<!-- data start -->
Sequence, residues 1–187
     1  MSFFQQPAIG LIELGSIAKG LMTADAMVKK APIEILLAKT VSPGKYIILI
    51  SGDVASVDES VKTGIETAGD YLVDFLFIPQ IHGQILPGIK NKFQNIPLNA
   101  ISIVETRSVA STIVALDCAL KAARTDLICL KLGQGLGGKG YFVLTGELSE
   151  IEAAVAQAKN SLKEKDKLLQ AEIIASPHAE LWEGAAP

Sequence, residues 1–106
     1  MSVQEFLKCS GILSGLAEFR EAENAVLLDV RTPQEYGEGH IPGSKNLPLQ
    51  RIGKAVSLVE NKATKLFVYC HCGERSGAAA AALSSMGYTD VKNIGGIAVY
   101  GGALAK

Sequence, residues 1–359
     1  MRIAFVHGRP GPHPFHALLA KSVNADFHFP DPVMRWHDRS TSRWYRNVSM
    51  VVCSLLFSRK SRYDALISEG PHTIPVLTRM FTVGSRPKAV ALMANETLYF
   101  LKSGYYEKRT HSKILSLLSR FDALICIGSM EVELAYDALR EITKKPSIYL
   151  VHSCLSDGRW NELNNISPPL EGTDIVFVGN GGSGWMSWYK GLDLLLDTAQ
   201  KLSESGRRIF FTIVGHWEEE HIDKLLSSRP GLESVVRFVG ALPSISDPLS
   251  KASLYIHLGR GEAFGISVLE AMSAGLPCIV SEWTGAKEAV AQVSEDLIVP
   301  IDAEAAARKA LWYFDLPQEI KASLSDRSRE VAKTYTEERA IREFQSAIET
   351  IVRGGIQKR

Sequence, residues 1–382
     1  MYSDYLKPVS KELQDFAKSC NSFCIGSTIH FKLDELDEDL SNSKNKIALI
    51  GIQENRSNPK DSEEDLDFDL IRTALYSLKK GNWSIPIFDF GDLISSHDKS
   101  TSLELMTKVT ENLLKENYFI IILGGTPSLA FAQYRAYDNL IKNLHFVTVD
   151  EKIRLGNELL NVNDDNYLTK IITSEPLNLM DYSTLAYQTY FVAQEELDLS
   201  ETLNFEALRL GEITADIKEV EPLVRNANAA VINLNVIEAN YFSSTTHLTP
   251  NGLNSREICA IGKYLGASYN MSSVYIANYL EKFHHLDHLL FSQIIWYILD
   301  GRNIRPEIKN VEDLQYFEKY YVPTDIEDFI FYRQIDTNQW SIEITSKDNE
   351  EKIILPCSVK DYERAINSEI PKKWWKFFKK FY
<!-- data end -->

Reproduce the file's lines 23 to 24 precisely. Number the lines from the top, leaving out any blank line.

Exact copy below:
   151  EKIRLGNELL NVNDDNYLTK IITSEPLNLM DYSTLAYQTY FVAQEELDLS
   201  ETLNFEALRL GEITADIKEV EPLVRNANAA VINLNVIEAN YFSSTTHLTP